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Lighting Council NZ MoU

December 2006

The international performance specification of energy saving lamps, or CFLs, and other lighting products is about to come under the spotlight.

That will be the focus when Lighting Council New Zealand (LCNZ) signs a memorandum of understanding with similar industry groups from Australia and China early next year.

LCNZ has agreed to cooperate with the lighting industry associations of Australia and China to further promote and develop the lighting industry in their respective countries.

Lighting Council New Zealand Chairman Rob Tomkies says the three organisations will cooperate with each other in a range of activities, including:

o Encouraging the exchange of member visits and encouraging members to join together in mutually beneficial activities
o Fostering business relationships among member companies
o Supporting the adoption of a harmonised international testing methodology and performance specification for lighting products, in particular on CFLs, and
o Supporting the adoption of international standards and conformity assessment procedures designed to enhance trade in high quality lighting products.

“The agreement will help draw a line between importers to New Zealand of non-complying lighting products, and those who import products made to a mutually agreed, and internationally harmonised, acceptable level.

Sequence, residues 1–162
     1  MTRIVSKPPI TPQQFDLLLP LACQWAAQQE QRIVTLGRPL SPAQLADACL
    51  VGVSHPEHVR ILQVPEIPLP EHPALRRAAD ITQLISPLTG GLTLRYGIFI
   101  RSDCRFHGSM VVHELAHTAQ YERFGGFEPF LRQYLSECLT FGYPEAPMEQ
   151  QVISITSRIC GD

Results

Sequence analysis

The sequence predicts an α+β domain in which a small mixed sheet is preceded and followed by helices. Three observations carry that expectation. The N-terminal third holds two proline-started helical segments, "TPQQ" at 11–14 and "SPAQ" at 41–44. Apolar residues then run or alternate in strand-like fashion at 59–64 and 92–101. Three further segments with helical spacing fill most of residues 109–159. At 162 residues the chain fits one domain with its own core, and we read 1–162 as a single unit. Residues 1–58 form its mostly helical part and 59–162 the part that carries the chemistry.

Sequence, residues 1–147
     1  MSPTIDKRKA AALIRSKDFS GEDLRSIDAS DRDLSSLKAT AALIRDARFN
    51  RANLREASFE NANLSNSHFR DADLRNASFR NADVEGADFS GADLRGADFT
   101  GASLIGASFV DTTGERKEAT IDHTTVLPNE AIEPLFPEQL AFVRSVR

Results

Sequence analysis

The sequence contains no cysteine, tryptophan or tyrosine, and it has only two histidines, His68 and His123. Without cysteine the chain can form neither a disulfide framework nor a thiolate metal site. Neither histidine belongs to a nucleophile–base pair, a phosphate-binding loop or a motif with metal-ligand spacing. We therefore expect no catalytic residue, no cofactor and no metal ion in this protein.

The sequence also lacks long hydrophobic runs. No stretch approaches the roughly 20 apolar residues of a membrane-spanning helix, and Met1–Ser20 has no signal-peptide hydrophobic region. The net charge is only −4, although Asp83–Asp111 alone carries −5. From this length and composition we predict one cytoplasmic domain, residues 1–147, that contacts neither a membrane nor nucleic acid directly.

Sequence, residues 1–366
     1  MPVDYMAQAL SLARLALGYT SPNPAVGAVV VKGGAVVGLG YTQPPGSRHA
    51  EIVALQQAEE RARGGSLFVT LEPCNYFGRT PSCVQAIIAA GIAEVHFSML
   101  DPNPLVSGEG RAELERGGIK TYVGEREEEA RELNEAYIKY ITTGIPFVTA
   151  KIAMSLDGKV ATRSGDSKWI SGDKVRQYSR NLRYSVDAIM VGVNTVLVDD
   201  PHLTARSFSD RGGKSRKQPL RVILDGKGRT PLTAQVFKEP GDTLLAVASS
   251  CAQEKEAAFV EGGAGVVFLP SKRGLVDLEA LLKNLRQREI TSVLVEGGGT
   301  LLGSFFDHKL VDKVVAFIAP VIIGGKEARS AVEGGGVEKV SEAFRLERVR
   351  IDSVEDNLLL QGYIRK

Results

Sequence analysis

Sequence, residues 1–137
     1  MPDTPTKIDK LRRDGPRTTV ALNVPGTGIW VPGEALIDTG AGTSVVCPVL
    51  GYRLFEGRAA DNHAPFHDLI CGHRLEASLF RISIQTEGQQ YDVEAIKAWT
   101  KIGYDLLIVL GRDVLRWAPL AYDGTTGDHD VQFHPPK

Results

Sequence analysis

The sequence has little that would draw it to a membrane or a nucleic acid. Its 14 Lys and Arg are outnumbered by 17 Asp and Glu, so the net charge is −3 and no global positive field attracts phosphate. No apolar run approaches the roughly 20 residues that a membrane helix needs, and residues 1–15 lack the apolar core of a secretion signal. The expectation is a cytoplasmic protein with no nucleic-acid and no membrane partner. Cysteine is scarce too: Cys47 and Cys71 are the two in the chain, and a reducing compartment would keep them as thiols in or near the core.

“Under the memorandum, all future lighting exports from China and Australia will be required to meet the new standard,” he says.

Rob Tomkies says it is important that there is international harmonisation of CFLs.

“The power factor (PF) of CFLs varies from country to country, and it is important for manufacturers and consumers that there is a level playing field.

“If low power factor lamps are installed, energy savings are not as great. That is because a power meter records on the bursts, whereas steady consumption records as a lower consumption of energy.

“To ensure public confidence in CFLs they should all be of equal quality, meaning lamp life, light output, starting time, power factor and illuminance.

“China is the largest manufacturer of CFLs and by having an international standard, poor quality products will be readily identifiable and will have increasing difficulty finding sales in international markets, he says.

The memorandum of understanding between the three organisations is expected to be signed around April 2007.

ENDS

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